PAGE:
In addition to the core ACT library, we have also implemented a number of tools for asynchronous circuit design. Some of the core tools are included as part of the main Github repository, while others have their own repository. For completeness, we also include links to other open-source tools that can be used to implement different parts of the VLSI flow.

  • actsim: an ACT simulator.
  • prs2net: a production rule to SPICE netlist generator
  • prs2sim: a production rule to sim file converter
  • ext2sp: converts magic extract files into a hierarchical spice file
  • lvp: layout versus production rules

These are core ACT tools–i.e. tools that use the core ACT library and take ACT files as input. They also accept the standard ACT command-line arguments, in addition to their own arguments. The standard ACT options include ways to specify technology-specific information, as well as local configuration overrides.

Standalone tools:

  • prsim: a digital production-rule simulator
  • aflat and prspack: a production rule flattener and compaction tool. See the documentation for prsim.
  • AMC: an asynchronous memory compiler

External open-source tools:

  • Xyce: An analog circuit simulator developed by Sandia National Labs
  • magic: The Magic VLSI layout editor
  • irsim: A switch-level circuit simulator
  • Layout versus schematic (LVS) checking:
    • Gemini: a netlist comparison for strict layout-versus-schematic checking Gemini
    • netgen: another tool for LVS

Two useful concepts to keep in mind when using the ACT tools are expanded names and mangled names.

Expanded names

A concept one should be familiar with, especially when debugging and/or understanding error messages is the notion of expanded names. This is best illustrated with an example. Consider the following templated process definition:

template<pint A; pbool B; pint C[A]> defproc example(...) { ... }
example<1+1,true,{1,5}> e1;
example<1,false,{2}> e2;

The type of the process defined is example, but the instances e1 and e2 include specific template parameters. After the design is expanded and all template parameters are substituted, different variations of example are created for e1 and e2. These expanded versions of types are given different names within the ACT framework. In particular, the expanded type for e1 would be example<2,t,{1,5}> (here t is used as a stand-in for the value of the Boolean parameter true). If example did not take on any template parameters, the expanded version of the type would be named example<>.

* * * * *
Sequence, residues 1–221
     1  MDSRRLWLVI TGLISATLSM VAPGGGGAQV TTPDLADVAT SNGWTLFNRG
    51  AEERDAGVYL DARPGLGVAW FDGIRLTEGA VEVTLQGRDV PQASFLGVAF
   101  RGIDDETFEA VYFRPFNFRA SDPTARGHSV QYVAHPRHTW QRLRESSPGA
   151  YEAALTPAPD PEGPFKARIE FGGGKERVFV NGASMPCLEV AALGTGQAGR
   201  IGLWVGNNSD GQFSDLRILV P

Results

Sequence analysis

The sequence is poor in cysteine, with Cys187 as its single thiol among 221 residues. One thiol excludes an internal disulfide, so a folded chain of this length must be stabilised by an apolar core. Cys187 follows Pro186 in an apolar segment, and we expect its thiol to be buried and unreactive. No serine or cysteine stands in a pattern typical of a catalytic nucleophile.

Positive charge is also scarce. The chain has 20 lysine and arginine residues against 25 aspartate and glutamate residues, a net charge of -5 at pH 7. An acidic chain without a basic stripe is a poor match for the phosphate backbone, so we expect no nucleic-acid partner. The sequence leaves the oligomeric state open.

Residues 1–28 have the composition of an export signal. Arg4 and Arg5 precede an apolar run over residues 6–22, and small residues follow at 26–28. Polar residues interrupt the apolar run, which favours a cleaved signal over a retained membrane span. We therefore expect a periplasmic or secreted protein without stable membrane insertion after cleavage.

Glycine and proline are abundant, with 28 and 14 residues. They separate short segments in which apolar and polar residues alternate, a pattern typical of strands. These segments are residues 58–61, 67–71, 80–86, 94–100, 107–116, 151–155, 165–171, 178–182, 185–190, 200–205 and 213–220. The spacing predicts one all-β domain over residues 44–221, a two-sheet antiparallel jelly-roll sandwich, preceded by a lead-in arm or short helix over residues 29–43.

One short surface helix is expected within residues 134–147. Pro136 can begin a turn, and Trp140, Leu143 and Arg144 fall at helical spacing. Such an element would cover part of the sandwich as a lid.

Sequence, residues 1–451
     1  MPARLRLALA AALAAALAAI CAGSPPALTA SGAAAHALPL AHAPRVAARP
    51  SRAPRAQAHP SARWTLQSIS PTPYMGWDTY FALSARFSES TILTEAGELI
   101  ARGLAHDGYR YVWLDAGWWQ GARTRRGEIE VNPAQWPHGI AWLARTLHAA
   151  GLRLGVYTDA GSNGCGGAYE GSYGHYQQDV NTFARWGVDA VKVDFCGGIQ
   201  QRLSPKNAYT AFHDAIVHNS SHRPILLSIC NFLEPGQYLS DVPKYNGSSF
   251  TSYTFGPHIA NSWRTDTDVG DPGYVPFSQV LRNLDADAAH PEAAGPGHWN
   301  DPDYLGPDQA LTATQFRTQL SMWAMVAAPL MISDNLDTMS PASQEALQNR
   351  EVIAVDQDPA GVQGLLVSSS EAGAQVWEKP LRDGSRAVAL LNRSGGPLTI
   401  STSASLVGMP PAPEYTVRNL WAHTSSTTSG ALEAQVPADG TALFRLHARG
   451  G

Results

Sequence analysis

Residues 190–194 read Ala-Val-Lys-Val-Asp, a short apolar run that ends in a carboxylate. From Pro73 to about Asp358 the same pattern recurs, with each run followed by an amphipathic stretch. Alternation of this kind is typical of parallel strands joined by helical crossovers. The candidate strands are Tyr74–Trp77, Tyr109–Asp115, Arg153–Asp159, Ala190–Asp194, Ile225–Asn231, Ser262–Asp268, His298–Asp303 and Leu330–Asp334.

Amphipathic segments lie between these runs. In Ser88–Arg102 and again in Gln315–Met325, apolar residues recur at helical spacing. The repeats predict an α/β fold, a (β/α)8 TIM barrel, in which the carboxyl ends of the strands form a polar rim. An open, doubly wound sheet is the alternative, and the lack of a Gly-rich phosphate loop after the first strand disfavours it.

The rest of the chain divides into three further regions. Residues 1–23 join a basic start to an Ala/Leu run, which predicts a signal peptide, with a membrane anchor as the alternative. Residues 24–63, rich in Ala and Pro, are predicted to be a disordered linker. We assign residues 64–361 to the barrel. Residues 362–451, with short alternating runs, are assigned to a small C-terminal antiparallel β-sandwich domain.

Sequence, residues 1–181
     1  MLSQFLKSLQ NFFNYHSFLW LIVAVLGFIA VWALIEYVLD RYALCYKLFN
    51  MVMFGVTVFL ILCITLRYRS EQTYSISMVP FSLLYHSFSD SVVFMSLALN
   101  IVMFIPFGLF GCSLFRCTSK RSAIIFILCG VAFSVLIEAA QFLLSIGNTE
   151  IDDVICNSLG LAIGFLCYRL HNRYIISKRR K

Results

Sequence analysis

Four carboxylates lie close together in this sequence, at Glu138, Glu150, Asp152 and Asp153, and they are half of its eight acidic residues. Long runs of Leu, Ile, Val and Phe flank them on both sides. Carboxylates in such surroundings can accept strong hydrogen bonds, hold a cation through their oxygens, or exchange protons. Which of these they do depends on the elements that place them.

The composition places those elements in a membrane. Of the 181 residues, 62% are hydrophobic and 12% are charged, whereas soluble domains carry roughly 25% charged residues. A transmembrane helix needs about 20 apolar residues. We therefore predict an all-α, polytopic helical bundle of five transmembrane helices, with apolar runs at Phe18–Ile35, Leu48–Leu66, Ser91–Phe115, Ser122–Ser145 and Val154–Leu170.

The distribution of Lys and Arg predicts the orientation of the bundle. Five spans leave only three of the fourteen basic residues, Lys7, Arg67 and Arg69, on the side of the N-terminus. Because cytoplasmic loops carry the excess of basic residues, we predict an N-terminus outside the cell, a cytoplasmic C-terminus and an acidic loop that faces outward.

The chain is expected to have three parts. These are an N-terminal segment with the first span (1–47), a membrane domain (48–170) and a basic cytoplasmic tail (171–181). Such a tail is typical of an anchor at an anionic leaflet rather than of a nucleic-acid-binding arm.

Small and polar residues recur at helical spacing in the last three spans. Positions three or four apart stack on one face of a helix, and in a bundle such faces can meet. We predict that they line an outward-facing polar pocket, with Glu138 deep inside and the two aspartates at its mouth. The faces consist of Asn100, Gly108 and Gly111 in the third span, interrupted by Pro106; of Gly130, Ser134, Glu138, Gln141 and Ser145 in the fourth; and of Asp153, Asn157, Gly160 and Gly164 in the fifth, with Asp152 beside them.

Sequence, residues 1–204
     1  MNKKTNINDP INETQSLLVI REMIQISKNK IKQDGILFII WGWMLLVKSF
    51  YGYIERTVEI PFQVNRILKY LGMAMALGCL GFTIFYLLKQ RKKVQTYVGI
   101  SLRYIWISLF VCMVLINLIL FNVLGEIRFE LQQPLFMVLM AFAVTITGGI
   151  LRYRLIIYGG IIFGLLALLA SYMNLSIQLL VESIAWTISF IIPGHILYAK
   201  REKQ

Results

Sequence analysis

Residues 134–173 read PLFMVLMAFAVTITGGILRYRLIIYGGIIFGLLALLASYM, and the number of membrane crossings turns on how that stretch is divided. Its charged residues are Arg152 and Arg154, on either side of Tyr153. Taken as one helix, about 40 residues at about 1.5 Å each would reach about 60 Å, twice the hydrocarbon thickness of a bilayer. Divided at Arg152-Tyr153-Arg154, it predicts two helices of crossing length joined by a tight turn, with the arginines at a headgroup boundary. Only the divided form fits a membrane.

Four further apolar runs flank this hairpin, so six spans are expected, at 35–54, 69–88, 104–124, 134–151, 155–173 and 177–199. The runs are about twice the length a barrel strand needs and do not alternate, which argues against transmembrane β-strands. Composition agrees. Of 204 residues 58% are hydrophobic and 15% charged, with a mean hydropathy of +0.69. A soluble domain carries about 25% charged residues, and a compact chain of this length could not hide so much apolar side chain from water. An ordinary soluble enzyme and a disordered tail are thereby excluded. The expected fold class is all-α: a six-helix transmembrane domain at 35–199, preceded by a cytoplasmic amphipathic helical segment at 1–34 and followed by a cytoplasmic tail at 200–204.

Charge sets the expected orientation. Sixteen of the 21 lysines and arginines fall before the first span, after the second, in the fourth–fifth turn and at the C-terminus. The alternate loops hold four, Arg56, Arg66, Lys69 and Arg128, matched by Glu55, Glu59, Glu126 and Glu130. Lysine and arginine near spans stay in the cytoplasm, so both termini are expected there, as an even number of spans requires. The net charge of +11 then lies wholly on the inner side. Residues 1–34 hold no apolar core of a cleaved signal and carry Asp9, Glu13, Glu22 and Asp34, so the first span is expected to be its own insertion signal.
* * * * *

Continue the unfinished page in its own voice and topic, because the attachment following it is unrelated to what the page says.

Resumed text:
If the template list contains multi-dimensional arrays, the expanded name contains a linear list of the parameters separated by commas.

Mangled names

Expanded ACT type names can contain characters like <, >, and , (among others). Instances can have names like a[3].b[5].z, including the characters [, ], and .. When exporting an ACT design to another format for use by a third-party tool, names with such characters in them can be potentially problematic. A good example of this is when exporting a SPICE netlist—different versions of SPICE have different syntactic restrictions. To handle this in a disciplined manner, the ACT library has the notion of a mangled name. A mangled name is generated by re-writing a user-specified list of special characters with an underscore and a number/character combination. This mapping is invertible, so a name can be unmangled as well. The set of characters to be mangled is specified in the ACT configuration option act.mangle_string (usually found in the global configuration file global.conf).

The standard name mangling prefix character is an underscore. Name mangling operates character-by-character as follows:

  • An underscore is replaced by two underscores.
  • A character that is not in the mangle string is a pass-through, so it is not modified.
  • If a character is at position k in the name mangling string, it is replaced with an underscore followed by k. The position character is 0 to 9 for positions 0 to 9, followed by a-z. Up to 36 characters can be mangled.

Name mangling can at most double the length of the string.

Process names have a special case in terms of name mangling. If an expanded process has no parameters, its mangled name is obtained simply be omitting the trailing <>. This is to make the output more readable when templates are not being used.